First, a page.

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Monday, December 16
Updated: December 20, 10:42 AM ET
Prospects in trades

By John Sickels
Special to

Editor's note: John Sickels will give a rundown of prospects involved in trades throughout the offseason. Check back to this page whenever prospects are involved in deals to find out the background on each player.

Josh Pressley, 1B (Tampa Bay to New York in Rey Ordonez deal)
Pressley was a fourth-round pick in 1998, from high school in Ft. Lauderdale. He was considered a first-round talent with the bat, but fell in the draft because of his perceived bonus demands. He was the first player the Rays picked in the draft that year, since they gave up their other choices to sign free agents (that didn't work out too well). Pressley's career has been slowed by injuries, and his bat hasn't developed as expected. He hit .304 this year in Double-A, but with just four homers in 342 at-bats. At this point he is a very marginal prospect.

Manuel Mateo, RHP (Atlanta to San Francisco in Damian Moss/Russ Ortiz trade)
Mateo was signed out of the Dominican Republic in 1999. At 20-years old, he pitched very well in his North American debut in 2002, posting a 1.98 ERA in the Gulf Coast League, with a terrific 76/12 K/BB ratio in 68 innings. Mateo throws in the 91-94 mph range, hitting 95 at times. He may pick up even more velocity as he matures, and he already knows how to throw strikes. A very intriguing long-term prospect, though he'll have to prove himself at higher levels.

Neal Cotts, LHP (Oakland to White Sox in Billy Koch trade)
Second-round pick in 2001 by the Athletics, out of Illinois State. Went 12-6, 4.12 in 28 starts for Class A Modesto in the California League, with 178 strikeouts in 138 innings, an excellent ratio. On the other hand, he walked 87. Toning down on the free passes will be necessary as he moves up. Works at 87-89 mph, with a good curveball and changeup.

Daylan Holt, OF (Oakland to White Sox in Koch trade)
Third-round pick in 2000, out of Texas A&M. Big disappointment in '01, when he hit just .179 in the California League, but he turned it around in '02 by hitting 20 homers and combining for a .286 average between more Cal League action and Double-A. Owns solid raw power, but doesn't always control the strike zone or keep his swing consistent.

Josh Thigpen, RHP (Boston to Cincinnati in Todd Walker trade)
Thigpen was a 16th-round pick in 2000, out of high school in Alabama. A big kid at 6-4, 195, Thigpen can hit 96 mph on a good day, and works easily in the 90-94 mph range. He needs work on a curveball and changeup. He fanned 87 in 83 innings at Class A Augusta, being used in relief, but he'll need to diversify his arsenal as he moves up. He was one of the few decent prospects left in the Red Sox system.

Tony Blanco, 3B (Boston to Cincinnati in Walker trade)
Blanco was signed out of the Dominican Republic in 1998. He hit .382 in rookie ball in 2000, then hit 17 homers in 96 games in '01, though he struggled with the strike zone. In '02, he battled injuries at Class A Sarasota, hitting just .221. He also completely lost his remaining plate discipline, which apparently didn't endear him to the new sabermetrically-inclined braintrust in Boston. He's got power, yes, but he is still very raw.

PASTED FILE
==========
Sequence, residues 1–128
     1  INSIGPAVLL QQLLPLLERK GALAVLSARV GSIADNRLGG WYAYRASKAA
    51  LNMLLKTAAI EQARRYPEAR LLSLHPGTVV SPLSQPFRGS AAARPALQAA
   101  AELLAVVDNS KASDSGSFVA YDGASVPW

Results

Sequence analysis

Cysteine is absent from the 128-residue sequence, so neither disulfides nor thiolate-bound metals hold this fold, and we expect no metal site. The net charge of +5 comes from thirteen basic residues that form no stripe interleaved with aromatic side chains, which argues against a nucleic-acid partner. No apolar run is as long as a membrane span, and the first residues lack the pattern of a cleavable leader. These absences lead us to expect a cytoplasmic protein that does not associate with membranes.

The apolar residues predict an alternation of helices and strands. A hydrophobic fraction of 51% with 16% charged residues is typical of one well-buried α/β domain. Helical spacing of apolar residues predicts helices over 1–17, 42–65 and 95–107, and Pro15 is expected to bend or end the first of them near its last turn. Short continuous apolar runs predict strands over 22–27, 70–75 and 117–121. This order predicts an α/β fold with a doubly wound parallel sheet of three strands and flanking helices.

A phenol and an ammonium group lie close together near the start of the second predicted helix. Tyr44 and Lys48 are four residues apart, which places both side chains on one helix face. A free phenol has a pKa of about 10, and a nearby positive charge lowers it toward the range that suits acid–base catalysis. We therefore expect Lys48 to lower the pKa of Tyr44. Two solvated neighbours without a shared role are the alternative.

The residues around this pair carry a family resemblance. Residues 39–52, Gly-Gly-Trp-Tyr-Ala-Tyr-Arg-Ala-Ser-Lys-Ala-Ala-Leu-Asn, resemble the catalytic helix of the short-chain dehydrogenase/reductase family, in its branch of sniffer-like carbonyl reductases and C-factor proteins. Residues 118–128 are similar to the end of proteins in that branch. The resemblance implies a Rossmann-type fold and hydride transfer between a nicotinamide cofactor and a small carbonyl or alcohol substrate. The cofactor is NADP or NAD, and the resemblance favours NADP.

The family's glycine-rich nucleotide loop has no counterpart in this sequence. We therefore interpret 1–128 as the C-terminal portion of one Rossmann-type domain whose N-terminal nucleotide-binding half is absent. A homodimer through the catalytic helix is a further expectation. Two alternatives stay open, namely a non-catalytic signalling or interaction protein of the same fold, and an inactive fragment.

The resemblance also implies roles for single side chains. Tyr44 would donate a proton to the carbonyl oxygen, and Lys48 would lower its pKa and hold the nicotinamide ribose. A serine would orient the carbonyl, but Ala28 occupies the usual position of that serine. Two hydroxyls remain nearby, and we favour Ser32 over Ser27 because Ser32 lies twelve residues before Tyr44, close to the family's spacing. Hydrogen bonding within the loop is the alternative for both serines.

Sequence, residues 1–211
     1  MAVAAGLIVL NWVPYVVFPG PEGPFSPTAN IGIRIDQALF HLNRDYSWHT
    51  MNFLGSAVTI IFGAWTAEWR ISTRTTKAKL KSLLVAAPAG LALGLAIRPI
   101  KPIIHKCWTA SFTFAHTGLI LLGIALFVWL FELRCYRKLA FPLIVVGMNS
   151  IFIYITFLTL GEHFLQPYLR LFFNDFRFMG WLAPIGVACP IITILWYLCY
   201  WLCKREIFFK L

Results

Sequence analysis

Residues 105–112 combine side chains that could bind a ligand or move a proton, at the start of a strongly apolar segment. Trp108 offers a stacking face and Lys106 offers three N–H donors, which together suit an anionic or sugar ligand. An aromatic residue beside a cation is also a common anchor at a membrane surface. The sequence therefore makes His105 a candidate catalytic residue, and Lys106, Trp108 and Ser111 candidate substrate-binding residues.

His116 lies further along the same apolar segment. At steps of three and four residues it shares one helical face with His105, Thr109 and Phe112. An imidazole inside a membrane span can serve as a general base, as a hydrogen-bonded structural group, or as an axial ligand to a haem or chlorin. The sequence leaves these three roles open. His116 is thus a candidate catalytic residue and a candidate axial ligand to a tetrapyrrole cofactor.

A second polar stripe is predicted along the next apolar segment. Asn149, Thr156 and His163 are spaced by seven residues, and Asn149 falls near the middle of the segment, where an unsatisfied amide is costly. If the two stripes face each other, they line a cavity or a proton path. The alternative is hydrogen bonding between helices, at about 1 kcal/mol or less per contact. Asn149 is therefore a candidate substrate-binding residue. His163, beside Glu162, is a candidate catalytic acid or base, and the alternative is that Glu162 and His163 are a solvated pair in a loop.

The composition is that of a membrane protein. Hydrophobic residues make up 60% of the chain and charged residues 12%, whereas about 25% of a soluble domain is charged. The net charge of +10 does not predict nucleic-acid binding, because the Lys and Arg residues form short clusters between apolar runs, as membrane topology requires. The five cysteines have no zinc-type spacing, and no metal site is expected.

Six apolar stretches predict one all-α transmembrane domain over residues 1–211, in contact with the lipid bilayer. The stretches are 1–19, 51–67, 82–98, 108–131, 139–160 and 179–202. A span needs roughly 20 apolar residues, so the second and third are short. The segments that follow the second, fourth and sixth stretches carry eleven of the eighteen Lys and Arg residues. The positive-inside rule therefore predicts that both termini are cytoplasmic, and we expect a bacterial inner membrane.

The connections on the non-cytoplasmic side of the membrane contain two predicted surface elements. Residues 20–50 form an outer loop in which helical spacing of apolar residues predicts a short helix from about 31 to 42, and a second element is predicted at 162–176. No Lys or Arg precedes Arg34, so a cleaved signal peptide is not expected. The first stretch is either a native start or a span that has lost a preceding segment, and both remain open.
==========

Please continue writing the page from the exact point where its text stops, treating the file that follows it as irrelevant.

Josh Hancock, RHP (Boston to Philadelphia for Jeremy Giambi)
Hancock was a fifth-round pick in 1998, out of Auburn. A physical pitcher at 6-3, 215, Hancock works at 90-94 mph. He uses a slider and a knuckle-curve as his secondary pitches, but his changeup needs some work. When his mechanics are in gear, Hancock does a good job of keeping hitters off-stride, but his command can waver at times. His 29/26 K/BB ratio in 44 innings of Triple-A in '02 is not impressive, though his ERA remained good at 3.45. If he can throw strikes, he can be a decent pitcher, but is not an elite prospect at this point.

Jason Arnold, RHP (Oakland to Toronto as part of four-way trade)
Arnold was a second-round pick of the Yankees in 2001, from the University of Central Florida. He's quickly emerged as one of the top right-handed prospects in the game. He was traded to Oakland as part of the three-way Jeff Weaver trade this past summer, and now he's moved on to Toronto. This should not be considered a negative; it just shows how highly many teams think of him. Arnold throws 88-92 mph, with a good arsenal of secondary pitches and a strong feel for pitching. He could enter the Toronto rotation some time in '03.

John-Ford Griffin, OF (Oakland to Toronto as part of four-way trade)
Griffin was the Yankees' first-round pick in '01, from Florida State. He went to Oakland along with Arnold in the Weaver deal, and is now said to be going with him to Toronto as part of the Erubiel Durazo/Elmer Dessens/Felipe Lopez trade, although that isn't 100 percent official yet. Griffin is a pure hitter with a smooth stroke and strong strike zone judgment. He's been compared to a young Paul O'Neill.

John Sickels is the author of the 2002 Minor League Scouting Notebook, and is now working on the 2003 Baseball Prospect Book. His biography of Bob Feller will be published next spring. He lives in Lawrence, Kansas, with his wife, son, and two cats. You can send John questions or comments at, or you can visit his homepage at

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